Literacy Activities
Give One, Get One
  1. Have the students fold a piece of paper lengthwise to form two columns and write, „Give Oneš at the top left-hand column and „Get Oneš at the top of the right-hand column.


  1. Have students brainstorm a list of all the things they already know about the topic they will be studying, writing the items down in the left-hand column.


  1. After they make the list, have them talk to other students what is on their lists.


  1. Have students write any new information they get from these discussions in the right column of their lists, along with the name of the person who gave them the information.


  1. Once everyone has given and gotten information, have the whole class discuss the information students have listed.


  1. Again, have students write any new information they get from this discussion in the right column of their lists.


Some suggestions for implementation-As students brainstorm their individual lists, circulate around the room and provide information or ideas struggling to come with any of their own.  That way, when it is time for students to circulate and share information, no one has an empty list.


Discuss the final lists of information with the aim of making sure they are accurate.  Sometimes, students may have faulty content knowledge and it is important that they learn to discard incorrect information before starting the unit.  Model drawing a line through incorrect facts.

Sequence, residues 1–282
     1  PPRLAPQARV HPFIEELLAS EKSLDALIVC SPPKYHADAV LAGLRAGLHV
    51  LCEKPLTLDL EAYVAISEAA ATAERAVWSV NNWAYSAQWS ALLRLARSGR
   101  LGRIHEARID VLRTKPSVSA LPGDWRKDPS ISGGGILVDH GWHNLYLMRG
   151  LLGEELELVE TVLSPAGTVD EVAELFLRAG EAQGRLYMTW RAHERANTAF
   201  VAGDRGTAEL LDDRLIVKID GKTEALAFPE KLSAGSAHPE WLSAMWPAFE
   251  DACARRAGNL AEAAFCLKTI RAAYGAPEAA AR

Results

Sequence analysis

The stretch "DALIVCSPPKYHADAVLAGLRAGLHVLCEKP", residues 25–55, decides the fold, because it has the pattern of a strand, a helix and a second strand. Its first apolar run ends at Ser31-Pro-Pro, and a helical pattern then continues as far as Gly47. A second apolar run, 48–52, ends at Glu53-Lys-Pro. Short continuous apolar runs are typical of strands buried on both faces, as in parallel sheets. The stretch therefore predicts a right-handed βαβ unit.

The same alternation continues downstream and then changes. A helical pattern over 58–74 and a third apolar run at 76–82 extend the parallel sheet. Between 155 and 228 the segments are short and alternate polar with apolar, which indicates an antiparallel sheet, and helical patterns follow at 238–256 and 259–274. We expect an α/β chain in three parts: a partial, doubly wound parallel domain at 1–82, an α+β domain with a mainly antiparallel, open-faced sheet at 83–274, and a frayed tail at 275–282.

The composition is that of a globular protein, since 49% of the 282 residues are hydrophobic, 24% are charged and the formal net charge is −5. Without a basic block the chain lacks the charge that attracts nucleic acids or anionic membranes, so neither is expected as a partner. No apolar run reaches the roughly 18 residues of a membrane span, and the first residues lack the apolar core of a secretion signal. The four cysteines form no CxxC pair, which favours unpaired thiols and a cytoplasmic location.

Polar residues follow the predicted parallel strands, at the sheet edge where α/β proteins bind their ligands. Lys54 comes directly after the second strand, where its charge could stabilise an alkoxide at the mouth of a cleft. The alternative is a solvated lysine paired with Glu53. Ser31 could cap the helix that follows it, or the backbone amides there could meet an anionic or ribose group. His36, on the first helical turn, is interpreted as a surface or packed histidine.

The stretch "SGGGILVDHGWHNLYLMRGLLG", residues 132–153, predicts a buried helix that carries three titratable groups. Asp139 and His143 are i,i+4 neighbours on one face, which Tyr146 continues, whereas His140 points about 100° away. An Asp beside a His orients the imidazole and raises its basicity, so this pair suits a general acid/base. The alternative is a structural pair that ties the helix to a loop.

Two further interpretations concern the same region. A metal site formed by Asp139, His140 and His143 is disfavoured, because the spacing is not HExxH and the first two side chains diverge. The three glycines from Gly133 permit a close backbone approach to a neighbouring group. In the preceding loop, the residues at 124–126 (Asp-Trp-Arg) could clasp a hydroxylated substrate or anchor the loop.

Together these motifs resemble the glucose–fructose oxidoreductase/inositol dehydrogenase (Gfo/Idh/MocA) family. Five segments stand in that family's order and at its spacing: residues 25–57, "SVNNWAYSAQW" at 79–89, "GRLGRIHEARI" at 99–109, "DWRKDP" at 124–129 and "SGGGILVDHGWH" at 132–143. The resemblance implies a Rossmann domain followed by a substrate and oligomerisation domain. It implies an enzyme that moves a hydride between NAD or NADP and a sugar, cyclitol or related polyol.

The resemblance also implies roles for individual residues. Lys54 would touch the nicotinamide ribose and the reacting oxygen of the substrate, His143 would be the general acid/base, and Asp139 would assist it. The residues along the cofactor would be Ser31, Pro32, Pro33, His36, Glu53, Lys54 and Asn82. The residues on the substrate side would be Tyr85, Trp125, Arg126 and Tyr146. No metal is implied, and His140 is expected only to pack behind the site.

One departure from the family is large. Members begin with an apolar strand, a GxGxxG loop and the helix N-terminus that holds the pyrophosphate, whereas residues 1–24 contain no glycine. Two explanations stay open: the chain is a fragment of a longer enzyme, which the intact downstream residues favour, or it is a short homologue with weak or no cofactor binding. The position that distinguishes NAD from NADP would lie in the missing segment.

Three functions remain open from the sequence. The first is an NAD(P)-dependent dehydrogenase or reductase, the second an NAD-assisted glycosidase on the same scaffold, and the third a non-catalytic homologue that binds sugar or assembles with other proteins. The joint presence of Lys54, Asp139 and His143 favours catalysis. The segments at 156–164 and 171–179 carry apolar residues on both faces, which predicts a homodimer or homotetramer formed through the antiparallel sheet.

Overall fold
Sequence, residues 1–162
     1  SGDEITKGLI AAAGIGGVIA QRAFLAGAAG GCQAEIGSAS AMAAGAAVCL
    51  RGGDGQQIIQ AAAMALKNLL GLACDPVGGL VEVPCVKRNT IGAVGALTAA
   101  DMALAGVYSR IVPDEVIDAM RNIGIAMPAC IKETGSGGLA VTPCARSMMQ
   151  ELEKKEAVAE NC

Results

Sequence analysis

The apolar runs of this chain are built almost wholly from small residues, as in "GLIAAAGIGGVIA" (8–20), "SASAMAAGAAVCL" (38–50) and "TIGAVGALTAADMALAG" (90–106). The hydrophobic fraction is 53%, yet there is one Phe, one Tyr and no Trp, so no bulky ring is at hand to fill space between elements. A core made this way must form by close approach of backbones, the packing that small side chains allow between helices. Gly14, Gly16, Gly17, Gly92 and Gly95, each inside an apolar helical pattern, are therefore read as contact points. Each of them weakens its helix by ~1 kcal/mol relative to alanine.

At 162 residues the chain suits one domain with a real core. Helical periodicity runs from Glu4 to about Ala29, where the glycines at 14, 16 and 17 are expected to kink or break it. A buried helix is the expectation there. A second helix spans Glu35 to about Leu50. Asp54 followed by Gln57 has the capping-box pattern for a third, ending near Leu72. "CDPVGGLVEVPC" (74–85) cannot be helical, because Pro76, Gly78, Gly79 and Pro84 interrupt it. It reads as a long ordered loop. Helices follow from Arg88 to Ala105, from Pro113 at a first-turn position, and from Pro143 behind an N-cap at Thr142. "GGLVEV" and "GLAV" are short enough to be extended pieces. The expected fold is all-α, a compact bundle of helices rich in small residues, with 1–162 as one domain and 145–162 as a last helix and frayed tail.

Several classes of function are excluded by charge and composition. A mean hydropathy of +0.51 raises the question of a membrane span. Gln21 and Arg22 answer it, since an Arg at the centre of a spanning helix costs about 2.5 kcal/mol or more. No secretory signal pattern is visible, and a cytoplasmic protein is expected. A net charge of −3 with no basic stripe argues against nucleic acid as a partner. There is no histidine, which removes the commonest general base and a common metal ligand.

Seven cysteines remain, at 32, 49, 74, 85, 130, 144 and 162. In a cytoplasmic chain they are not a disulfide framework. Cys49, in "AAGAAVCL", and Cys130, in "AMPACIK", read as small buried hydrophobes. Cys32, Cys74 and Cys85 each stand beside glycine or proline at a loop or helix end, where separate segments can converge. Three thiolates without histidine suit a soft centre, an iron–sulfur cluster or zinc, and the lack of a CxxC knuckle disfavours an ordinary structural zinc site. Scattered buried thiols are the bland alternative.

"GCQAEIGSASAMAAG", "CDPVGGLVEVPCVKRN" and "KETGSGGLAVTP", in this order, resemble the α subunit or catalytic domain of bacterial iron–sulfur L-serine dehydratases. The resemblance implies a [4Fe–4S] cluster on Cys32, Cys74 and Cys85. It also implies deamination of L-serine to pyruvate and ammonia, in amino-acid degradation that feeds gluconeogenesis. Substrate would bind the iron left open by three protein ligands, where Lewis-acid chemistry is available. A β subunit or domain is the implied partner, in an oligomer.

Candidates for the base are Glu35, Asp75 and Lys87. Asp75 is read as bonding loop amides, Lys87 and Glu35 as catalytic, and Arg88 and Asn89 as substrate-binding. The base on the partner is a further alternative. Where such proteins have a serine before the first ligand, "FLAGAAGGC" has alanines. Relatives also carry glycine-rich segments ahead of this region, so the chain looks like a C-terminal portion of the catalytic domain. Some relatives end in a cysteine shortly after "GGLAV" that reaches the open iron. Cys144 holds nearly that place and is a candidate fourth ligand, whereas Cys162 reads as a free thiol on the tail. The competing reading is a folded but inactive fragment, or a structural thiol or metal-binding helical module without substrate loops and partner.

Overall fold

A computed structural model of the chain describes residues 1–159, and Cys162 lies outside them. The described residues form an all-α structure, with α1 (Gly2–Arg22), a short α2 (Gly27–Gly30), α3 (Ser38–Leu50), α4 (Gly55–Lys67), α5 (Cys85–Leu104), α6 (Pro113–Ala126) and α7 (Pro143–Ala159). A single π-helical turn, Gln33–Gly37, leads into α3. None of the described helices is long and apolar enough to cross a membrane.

Tea Party Instructions

Tea Party offers students an opportunity to consider parts of the text before they actually read it.  Tea Party also encourages active participation with the text and gives students a chance to get up and move around the classroom.  This before reading activity allows students to predict what they think will happen in the text as they make inferences, see causal relationships, compare and contrast, practice sequencing, and draw on their prior experiences.


Select key words, phases or sentences from the text and write them on index cards.  Try to select half as many key words, phrases, or sentences as you have students.  Duplicate enough cards so that there is one card for each student.


  1. Distribute one card per student.
  2. Have students get up and move from student to student.
  3. Ask them to share their card with as many classmates as possible.
  4. Insist they listen to others as they read their cards.
  5. Ask them to discuss how these cards might be related.
  6. Have them speculate what these cards, collectively, might be about.
  7. In small groups, have students complete a „We Thinkš statement.
  8. Ask students to share their „We Thinkš statements with the entire class.  Make sure students explain how they reached their predictions.
  9. Read the text.
  10. Compare the text with their predictions on the „We Thinkš statements.

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